Download e-book for kindle: A Grammar of the Kabardian Language by John Colarusso

By John Colarusso

ISBN-10: 0919813968

ISBN-13: 9780919813960

This is often the 1st entire grammar of a non-Indo-European language from the Northwest Caucasian relations in a language except Russian that covers all parts of the grammar. Kabardian is advanced at each point. The language handled isn't the literary usual, yet Kabardian because it used to be present in texts & within the mouths of Kabardians. This learn is an boost over grammatical sketches of similar languages in that it provides an entire account of the phonology & morphology of the language, accounting for what have been formerly often called 'random variants'. The ebook supplies the reader the 1st account of the syntax of this language. it is going to supply the world expert entry to the language. it is going to provide the linguist attracted to complicated languages entry to a very tricky language, & it is going to provide the theoretical linguist entry to a language that shows topological exotica at each point of its grammar, from phonetics to the lexicon.

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Extra resources for A Grammar of the Kabardian Language

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Thechildren of poor families were often sold as mamelukes or servants to wealthy members of the Ottoman Empire. In effect this was a sort of conscription with a compensatory sum being paid to the parents, rather than a slave market as is often depicted. This fate was preferable to that of the grinding poverty which must have been the lot of many of the poor in the Caucasus. As has been mentioned, one such group even became the lords of Egypt for a while. 4 Feasting and Dancing The community as a whole cemented its relationship by means of large feasts and dancing.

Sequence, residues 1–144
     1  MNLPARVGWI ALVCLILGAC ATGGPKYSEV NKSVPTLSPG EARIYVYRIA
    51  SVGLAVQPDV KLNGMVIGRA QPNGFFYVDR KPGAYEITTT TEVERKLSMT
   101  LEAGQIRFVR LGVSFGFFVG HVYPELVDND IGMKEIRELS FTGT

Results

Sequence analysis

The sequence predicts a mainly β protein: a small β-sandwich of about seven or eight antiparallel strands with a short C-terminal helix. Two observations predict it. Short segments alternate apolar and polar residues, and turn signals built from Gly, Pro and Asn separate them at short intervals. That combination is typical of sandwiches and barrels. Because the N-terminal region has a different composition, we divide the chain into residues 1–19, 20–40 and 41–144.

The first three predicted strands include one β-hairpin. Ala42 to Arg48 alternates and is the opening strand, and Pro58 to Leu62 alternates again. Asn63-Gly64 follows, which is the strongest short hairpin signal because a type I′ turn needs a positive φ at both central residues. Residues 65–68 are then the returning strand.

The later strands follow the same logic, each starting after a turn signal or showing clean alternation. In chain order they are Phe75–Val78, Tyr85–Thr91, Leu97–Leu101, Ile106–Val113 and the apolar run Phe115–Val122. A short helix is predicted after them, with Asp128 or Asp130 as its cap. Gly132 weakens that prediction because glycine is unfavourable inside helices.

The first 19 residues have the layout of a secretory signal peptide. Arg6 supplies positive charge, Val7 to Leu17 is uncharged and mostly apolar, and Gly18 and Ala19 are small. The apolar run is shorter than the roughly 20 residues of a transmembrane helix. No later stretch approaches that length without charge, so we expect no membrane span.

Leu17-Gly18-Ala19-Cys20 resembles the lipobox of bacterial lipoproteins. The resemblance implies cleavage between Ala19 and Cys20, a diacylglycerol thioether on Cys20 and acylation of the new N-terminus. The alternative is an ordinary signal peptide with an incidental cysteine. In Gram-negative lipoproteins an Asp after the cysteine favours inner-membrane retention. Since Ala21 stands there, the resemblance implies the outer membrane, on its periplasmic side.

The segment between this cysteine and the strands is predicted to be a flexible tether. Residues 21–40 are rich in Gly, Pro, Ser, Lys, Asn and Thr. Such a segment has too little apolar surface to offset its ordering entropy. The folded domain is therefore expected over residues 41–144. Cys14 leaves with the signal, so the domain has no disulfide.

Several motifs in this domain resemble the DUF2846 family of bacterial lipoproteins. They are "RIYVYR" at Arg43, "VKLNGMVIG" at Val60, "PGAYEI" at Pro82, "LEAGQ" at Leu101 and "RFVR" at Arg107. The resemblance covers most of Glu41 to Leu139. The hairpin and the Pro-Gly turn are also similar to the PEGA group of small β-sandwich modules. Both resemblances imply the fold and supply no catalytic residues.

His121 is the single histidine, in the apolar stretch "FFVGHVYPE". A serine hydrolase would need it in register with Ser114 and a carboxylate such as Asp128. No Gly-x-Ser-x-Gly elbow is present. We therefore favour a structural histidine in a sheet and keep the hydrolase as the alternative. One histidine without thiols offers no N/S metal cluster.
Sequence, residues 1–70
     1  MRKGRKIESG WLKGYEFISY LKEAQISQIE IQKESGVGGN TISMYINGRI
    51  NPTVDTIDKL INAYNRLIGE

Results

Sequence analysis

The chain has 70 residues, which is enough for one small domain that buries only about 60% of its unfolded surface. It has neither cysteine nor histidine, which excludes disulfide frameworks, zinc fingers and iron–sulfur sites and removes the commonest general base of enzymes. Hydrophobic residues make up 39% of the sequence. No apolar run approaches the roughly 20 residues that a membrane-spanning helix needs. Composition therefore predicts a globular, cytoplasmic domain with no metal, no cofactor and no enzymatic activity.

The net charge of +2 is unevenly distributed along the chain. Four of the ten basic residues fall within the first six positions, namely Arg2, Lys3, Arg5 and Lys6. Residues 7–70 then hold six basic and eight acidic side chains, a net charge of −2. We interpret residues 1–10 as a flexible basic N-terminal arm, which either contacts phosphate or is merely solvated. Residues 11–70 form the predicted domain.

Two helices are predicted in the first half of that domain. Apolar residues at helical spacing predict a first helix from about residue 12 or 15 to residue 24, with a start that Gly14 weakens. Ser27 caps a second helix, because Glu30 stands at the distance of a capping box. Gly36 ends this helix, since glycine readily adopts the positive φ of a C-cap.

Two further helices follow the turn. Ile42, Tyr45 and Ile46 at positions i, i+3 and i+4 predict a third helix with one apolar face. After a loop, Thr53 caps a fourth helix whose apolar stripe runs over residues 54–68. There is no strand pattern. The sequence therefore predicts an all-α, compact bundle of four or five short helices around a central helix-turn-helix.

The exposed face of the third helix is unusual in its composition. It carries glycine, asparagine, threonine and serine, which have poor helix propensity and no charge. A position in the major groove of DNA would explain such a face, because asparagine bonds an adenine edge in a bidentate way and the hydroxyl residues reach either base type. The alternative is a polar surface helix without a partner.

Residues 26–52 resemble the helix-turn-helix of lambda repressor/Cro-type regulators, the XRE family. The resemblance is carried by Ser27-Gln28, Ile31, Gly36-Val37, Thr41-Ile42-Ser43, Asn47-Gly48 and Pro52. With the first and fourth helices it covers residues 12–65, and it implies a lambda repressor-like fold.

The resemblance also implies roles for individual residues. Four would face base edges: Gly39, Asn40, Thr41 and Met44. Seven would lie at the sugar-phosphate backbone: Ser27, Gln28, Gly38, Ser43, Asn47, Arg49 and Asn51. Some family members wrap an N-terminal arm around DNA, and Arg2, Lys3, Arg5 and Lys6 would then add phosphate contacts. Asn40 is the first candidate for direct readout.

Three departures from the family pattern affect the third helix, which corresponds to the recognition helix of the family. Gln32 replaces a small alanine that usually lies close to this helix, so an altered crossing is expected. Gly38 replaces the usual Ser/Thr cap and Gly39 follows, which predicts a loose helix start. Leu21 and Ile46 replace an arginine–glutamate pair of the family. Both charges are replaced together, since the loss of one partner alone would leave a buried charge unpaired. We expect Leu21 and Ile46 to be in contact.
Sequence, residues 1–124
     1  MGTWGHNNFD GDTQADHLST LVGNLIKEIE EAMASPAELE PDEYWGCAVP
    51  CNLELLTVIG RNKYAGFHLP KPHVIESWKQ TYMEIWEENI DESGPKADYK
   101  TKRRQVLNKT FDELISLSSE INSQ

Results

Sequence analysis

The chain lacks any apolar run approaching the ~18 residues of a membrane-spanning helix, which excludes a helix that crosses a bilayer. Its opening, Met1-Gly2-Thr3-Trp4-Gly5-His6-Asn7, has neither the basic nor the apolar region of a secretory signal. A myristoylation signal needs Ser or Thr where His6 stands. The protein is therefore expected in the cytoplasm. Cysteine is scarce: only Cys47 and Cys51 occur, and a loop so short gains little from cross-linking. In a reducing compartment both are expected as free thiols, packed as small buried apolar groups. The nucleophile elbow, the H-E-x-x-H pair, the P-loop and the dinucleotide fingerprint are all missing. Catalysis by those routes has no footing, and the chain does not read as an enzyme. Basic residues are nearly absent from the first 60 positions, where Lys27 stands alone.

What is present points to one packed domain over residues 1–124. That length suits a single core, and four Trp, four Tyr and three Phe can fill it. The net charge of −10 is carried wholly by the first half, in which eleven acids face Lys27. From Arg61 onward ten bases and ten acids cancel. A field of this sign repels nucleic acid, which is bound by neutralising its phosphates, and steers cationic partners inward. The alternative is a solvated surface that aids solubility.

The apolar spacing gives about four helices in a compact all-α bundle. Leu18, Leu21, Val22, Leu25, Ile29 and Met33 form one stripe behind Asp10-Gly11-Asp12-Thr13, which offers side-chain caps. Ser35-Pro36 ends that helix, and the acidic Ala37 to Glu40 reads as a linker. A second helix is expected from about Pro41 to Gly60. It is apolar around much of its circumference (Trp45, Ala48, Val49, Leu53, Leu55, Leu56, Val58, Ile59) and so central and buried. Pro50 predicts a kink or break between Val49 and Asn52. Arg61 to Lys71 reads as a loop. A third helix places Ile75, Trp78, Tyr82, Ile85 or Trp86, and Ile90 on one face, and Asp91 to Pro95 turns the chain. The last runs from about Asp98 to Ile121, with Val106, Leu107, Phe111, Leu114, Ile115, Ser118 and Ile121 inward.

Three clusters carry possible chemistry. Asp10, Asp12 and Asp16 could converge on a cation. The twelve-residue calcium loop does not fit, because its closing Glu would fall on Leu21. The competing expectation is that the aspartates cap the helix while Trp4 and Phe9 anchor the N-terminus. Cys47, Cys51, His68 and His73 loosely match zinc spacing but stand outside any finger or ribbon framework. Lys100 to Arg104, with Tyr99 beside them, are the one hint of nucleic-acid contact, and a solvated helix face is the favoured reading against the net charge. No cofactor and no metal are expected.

Integral to the feasts is dancing. Both young and old dance and sing at such festivities. Women's dances emphasise gliding movements and overall gracefulness. The men's dances at times seem to verge on the physically impossible: enormous leaps, dancing on the toes without padding, dancing on the knees, and dancing with a blur of daggers or sabres. Horsemanship reaches one of its peaks in a round dance, the wugya (Kabardian /wa-gy-a/ many (= a valence affix)-turn-intransitive), in which the horsemen dance in a circle on their horses, each horse facing inward.

Utterances made and positions taken cannot be withdrawn without the loss of face. Thus, compromise and dialogue are difficult to establish, and most energy is directed to staving off discord rather than handling it once it has begun. 1 The Elderly One must show respect to elders; especially the young must do so. Elders are not merely shown respect, but are expected in turn to show a full range of passions and activities in their advanced years, albeit of a somewhat reduced form. No one thinks an elder person foolish if they fall in love or seek a mate.

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A Grammar of the Kabardian Language by John Colarusso

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